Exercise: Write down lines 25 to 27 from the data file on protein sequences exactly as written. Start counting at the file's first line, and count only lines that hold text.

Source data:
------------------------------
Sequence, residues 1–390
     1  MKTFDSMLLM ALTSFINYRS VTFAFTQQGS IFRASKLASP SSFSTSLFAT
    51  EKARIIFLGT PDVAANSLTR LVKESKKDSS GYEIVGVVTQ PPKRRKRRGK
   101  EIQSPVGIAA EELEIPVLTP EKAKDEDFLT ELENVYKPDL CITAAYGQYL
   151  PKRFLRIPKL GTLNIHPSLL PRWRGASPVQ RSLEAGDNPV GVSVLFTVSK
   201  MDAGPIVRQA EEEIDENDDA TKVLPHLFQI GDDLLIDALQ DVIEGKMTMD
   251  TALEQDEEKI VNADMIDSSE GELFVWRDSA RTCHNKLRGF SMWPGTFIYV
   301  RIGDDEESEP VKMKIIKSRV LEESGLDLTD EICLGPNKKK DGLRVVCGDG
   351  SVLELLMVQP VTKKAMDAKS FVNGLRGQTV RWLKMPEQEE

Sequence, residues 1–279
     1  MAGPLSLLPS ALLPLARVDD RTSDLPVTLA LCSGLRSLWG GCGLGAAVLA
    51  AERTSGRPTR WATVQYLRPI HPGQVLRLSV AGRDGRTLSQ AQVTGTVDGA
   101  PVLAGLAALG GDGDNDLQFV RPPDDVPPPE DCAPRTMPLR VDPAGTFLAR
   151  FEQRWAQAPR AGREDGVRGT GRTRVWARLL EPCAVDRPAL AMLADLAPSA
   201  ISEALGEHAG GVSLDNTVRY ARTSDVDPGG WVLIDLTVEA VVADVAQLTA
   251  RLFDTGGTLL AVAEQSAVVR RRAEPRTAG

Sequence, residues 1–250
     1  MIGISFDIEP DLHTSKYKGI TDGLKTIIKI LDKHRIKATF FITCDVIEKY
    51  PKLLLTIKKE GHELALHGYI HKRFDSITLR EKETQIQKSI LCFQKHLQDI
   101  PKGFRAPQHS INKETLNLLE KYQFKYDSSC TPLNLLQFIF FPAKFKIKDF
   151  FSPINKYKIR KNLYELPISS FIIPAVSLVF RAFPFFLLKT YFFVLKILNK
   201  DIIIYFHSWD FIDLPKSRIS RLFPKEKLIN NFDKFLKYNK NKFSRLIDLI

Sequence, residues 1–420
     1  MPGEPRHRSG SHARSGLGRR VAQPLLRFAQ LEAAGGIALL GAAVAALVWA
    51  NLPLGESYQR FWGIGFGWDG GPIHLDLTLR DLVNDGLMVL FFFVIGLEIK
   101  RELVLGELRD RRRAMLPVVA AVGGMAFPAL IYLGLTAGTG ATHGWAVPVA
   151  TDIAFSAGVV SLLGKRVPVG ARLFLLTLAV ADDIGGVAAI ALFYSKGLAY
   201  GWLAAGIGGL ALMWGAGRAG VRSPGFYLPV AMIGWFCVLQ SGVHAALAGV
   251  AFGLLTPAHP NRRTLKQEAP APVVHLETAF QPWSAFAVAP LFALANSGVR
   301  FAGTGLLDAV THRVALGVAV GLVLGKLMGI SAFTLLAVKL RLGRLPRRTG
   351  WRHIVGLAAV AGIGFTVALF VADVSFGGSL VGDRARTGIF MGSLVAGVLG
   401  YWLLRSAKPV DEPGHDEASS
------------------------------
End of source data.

    51  NLPLGESYQR FWGIGFGWDG GPIHLDLTLR DLVNDGLMVL FFFVIGLEIK
   101  RELVLGELRD RRRAMLPVVA AVGGMAFPAL IYLGLTAGTG ATHGWAVPVA
   151  TDIAFSAGVV SLLGKRVPVG ARLFLLTLAV ADDIGGVAAI ALFYSKGLAY